3/ Jeff Sessions hired a personal lawyer amid the expanding Russia investigation. The Attorney General's longtime friend Charles Cooper has been providing counsel to Sessions, both for his Senate Intelligence Committee hearing last week, as well as during his January confirmation hearing. Sessions recused himself from the FBI’s investigation into Russia meddling and whether any Trump associates colluded in that effort. Special counsel Robert Mueller could seek information from Sessions about the circumstances surrounding the firing of James Comey. (Bloomberg / USA Today / National Law Journal)

4/ The Congressional Black Caucus will reject an invitation to meet with Trump. Members say the caucus-wide meeting would amount to little more than a photo op that Trump could use to bolster his standing among African-Americans. “No one wants to be a co-star on the reality show,” said one aide. (Politico)

5/ Queen Elizabeth didn't mention Trump's planned visit to the UK during her speech at the opening of Parliament. Trump's visit was already in doubt after he insisted on a gold‑plated welcome in the Queen’s royal carriage and started a feud with London's mayor on Twitter after the terrorist attack. The London mayor previously said Trump should be denied a state visit because of his “cruel” policies on immigration. The Queen's speech is used to set the government's legislative agenda for the next two years and announce planned state visits. (BBC / CNN / The Telegraph)

6/ Trump will hold a "Make America Great Again" rally to get a boost from outside of Washington. 8,600 political supporters will join Trump in Cedar Rapids, Iowa where he's expected to repeat his campaign rhetoric at a time when he has the lowest job approval rating of any president in modern history at this point in his tenure. (Washington Post / AOL News)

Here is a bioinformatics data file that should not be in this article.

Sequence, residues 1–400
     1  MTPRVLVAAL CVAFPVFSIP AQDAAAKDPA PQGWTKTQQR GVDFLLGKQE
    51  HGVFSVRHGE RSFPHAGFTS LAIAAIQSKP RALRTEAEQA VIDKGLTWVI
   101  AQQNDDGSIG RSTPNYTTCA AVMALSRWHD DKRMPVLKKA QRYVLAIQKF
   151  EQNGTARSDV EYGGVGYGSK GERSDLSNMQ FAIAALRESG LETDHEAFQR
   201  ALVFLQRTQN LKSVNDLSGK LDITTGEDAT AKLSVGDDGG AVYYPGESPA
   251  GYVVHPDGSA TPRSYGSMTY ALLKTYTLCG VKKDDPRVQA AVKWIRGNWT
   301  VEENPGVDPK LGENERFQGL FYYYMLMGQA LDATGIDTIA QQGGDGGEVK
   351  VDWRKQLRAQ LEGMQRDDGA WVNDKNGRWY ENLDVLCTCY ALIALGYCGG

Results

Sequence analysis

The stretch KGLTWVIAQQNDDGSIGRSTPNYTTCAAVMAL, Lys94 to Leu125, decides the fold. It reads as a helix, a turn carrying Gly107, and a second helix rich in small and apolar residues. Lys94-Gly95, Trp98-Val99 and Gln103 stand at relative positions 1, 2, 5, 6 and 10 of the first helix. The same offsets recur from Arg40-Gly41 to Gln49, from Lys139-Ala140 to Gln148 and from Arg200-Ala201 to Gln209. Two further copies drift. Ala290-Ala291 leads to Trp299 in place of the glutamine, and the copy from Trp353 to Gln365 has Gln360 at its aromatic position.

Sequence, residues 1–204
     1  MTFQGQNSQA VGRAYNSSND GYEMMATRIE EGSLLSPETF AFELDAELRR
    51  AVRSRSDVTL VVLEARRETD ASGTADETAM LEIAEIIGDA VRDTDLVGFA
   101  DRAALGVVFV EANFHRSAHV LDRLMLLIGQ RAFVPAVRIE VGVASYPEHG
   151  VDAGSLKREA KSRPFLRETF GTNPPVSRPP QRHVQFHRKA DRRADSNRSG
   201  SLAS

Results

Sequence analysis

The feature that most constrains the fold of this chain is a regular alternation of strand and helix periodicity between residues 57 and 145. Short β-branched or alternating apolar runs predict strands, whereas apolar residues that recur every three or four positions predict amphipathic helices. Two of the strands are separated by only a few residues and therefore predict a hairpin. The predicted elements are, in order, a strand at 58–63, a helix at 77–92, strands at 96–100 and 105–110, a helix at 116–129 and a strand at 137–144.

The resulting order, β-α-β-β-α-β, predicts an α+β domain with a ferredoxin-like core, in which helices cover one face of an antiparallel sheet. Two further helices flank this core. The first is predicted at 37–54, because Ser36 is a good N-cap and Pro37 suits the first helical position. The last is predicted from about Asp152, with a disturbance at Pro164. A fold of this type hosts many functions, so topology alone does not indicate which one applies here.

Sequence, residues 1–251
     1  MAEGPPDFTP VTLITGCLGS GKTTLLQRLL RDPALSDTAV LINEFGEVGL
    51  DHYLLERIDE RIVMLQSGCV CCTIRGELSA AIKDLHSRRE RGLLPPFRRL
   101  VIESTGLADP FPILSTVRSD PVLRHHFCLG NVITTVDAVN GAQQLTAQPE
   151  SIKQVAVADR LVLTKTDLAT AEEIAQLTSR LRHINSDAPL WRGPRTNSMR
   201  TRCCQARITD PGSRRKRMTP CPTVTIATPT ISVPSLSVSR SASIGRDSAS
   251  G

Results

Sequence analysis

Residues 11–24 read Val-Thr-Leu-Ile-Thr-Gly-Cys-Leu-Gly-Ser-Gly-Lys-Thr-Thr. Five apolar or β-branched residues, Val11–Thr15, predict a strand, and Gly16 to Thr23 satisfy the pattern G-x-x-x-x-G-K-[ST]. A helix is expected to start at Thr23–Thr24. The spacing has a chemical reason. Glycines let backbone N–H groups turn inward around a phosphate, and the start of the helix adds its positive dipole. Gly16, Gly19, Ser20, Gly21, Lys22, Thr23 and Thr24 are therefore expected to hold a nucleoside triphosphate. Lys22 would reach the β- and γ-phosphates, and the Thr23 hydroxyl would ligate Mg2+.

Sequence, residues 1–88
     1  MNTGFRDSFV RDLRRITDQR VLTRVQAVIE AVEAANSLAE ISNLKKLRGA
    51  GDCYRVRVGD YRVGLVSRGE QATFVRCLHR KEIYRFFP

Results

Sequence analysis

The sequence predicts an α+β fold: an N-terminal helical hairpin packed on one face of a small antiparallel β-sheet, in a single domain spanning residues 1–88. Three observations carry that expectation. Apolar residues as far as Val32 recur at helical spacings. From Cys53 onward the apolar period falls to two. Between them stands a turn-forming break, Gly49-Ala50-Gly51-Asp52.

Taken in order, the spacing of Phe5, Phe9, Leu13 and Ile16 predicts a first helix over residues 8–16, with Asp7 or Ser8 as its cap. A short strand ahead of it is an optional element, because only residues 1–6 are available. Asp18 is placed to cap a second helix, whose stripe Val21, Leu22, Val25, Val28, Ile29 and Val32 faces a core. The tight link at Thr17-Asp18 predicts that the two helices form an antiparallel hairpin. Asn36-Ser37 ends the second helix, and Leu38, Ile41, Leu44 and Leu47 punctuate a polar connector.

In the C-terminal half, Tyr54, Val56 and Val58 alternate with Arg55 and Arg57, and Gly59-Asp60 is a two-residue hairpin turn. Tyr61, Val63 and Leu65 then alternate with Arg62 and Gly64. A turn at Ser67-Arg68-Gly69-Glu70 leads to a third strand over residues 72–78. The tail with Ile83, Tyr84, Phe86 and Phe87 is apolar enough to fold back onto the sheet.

• Trump has only held one solo press conference since becoming president, lagging behind his predecessors. Obama had held six solo press conferences by this point in his presidency, George W. Bush had held three, and Clinton seven. Trump's last press conference was four months ago, where he delivered a series of raw and personal attacks on the media in a news conference for the ages. (NBC News)

7/ Michael Bloomberg tells Trump to "stop tweeting and focus on running the government." The former mayor of New York City added that Trump's refusal to acknowledge that climate change is real is an embarrassment. "No reputable person or scientist doubts that we are creating an environmental and a climate change problem," he said. (CNN)

8/ The EPA plans to buy out more than 1,200 employees this summer as part of a push by the administration to shrink the agency Trump once promised to eliminate “in almost every form.” It would be about an 8% reduction of the current 15,000-person EPA workforce. The administration has also proposed a 31% cut to the EPA budget. (Washington Post)

9/ Trump’s budget seeks to cut funding for programs that shelter the poor and combat homelessness, except for a federal housing subsidy that earns him millions of dollars a year. (Washington Post)

10/ The Pentagon spent $28 million on uniforms for Afghan soldiers, which were appropriate for just 2.1% of Afghanistan. In 2007, the Afghan Defense Ministry decided the army needed a “new and distinctive uniform” to set is apart. He chose woodland camouflage. (USA Today)

11/ Russian-linked hackers targeted election-related computer systems in 21 states. Systems involved in vote counting were not affected. The hackers appeared to be scanning for vulnerabilities. In May, it was reported that Russian hackers had hit election systems in 39 states, accessing software used by poll workers on Election Day. The Russian military intelligence executed a cyberattack on at least one US voting software supplier last year, sending spear-phishing emails to more than 100 local election officials days before the election. (Washington Post / CNN)

12/ Republican Karen Handel beat Democrat Jon Ossoff in Georgia's special election for a House seat. Trump tweeted his excitement: “Well, the Special Elections are over and those that want to MAKE AMERICA GREAT AGAIN are 5 and O! All the Fake News, all the money spent = 0." The Georgia race was the most expensive House race in history, with candidates spending roughly $55 million combined. (CNN / New York Times / Politico)

poll/ 35% of voters approve of the Republican health care bill passed by the House last month. 49% disapprove of the bill. (Politico)

Day 152: Spicey.